BBC Arabic Festival: Mohamed Siam Talks About His Award-Winning Film ‘Amal’

With this feature documentary, the director Mohamed Siam portrays Amal, a young woman, who grows into adulthood in the aftermath of the Egyptian revolution.

Shot over six years, the film cuts between unfolding current events and the pivotal changes in Amal’s life. While she fights to be heard on the streets and at home, we witness her evolving identity reflect her nation in flux. In Egypt, even for a young, fiery woman like Amal – whose name means ‘hope’ – her options for the future are limited.

The documentary has won numerous prizes including the Jury award at the Sheffield festival, the Tanit d’Or at the Golden Tanit JCC Carthage festival, the FidaDoc Prize 2018 in Morocco, and many more.

The documentary will be screened on 25 March 2019 at 7.30pm as part of the fifth BBC Arabic Festival (@BBCArabicFest). The festival will take place in the iconic art-deco Radio Theatre at BBC’s Broadcasting House in central London between 22-27 March 2019. Free tickets for the film are available here.

Q: I believe you were looking for a football fan or ultra when you came across Amal. Can you talk about your initial vision for this film and how meeting Amal changed that?

A: I wanted to make a film about youth, Arab youth, and how the experience of the Arab Spring impacted on their lives. Meeting Amal enriched this idea and made it more layered. It became about women and women’s place in the Arab world. It became about all of us who feel like a minority inside our own communities even though we are not.

Q: Amal’s father passed away when she was 10. Can you talk about the influence he – and his loss – has had on Amal’s life?

A: Amal’s father left her when she was about to construct her consciousness of him and the real world. That left her dreaming of this idolised figure to the present day. He represents everything to her: a father, an idol, a god, an icon, and most of all a guide – there are words she’s taken from him and has followed until now.

Q: Amal is part of a generation coming-of-age during a period of change in post-revolution Egypt. Was it interesting for you to see the parallels between Amal and the changes in society?

A: Absolutely. The whole point of following Amal for six years was to follow this parallel between her life and changes in her that, like a mirror, reflect the social and political changes in the country. Amal’s story is a reflection and a proxy of the bigger story of Egypt.

It was incredible to witness how she was growing up, oscillating between extremes and finding her own identity, and how it was the exact same trajectory for Egypt.

Q: How did your relationship with Amal change over the course of filming?

A: We got closer. Amal and I were very close from the beginning. I played the role of chaperone as she was only 14 when I first met her. Even her mother would ask me to bring her home safely and take care of her.

Amal is 22 now and throughout the filming our relationship has grown, and I have become a big brother figure. But during the filming, the camera and the filmic device become more distanced from the character as time passed by. So in the beginning we see mainly close-ups and close shots.

Bit by bit, however, one chapter after another, we see the camera giving Amal space. We get to see more of the environment around her. This is for two reasons: first because as a young girl growing up into a young woman, I wanted to protect her privacy; second, it was important for me to see not only Amal’s face inside the frame, but also to show her in relation to the political and social context, which became increasingly important year after year.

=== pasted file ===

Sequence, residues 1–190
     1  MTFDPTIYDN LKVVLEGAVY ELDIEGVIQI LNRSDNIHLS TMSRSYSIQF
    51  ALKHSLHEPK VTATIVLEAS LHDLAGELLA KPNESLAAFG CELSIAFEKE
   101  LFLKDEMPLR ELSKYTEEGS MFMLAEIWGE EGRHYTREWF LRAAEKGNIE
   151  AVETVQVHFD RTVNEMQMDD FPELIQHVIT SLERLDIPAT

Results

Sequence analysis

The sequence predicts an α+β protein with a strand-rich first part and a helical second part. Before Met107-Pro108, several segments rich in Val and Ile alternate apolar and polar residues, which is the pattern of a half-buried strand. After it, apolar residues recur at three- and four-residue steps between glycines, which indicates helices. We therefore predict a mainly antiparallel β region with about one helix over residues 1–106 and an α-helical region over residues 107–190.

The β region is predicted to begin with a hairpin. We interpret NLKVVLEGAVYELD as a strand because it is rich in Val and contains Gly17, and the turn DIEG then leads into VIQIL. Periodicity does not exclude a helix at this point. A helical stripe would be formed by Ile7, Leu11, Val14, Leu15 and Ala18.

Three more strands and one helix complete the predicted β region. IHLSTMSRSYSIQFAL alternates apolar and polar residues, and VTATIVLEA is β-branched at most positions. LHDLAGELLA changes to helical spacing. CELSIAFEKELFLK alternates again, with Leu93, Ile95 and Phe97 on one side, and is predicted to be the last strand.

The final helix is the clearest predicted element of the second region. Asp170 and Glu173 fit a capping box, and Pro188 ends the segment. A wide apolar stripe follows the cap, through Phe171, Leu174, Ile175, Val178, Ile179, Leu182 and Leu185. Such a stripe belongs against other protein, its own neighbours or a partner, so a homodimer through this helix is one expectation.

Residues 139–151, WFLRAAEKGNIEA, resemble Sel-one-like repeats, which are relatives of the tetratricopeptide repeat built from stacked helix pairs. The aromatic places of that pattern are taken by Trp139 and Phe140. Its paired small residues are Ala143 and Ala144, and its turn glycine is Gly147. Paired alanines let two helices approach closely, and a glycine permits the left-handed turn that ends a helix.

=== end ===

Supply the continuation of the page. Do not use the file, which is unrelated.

Q: In the opening scene of the film, Amal wears a Superman t-shirt. How do you view her?

A: I see her as a superwoman given the circumstances she lives in. To me, her superpower is not being a fighter, even though she is. It’s her super capacity to adapt. She’s a great survivor – like all those little children in the darkest fairy tales who have to go through terrible obstacles but still they keep going, whatever happens…

Q: Can you think of one memory or story about Amal that best summarises her as a person?

A: In the scene where she debates with the policemen, I didn’t know what she was about to do. I was following her with my camera, then all of a sudden, we were both inside the lion’s den. Amal wasn’t aware of the consequences for either of us.

She reacts instinctively, naturally and never reflects on the results. She has no fear because she doesn’t calculate things the way most of us do.

Q: What do you think UK audiences can learn from Amal and this film?

A: Many things. First, that the young generation have their word and a say in their future, especially nowadays when they’re forced to grow up much faster, even if they don’t have a voice and political representation yet. The biggest current example is Brexit (although it’s not for me to criticise that, but it’s an observation…).

Q: Amal’s name translates to ‘hope’. What hope did you take away from working on this film?

A: My hope for this film was to gamble on the future and on the change this generation might make. My hope is that we pursue what we believe in, even if the whole world crumbles around us.

Q: What is next for you?

A: I’m currently writing my first fiction film – another one about the police. This would be the third chapter of the trilogy  after Whose Country and Amal.

I’ve also got another three projects in development. One is a docu-fiction about illegal abortion. The second is a fiction about a zoo in the middle of the uprising. And the third film is about ‘gilets jaunes’ and political changes in Europe.

For more info about the BBC Arabic Festival

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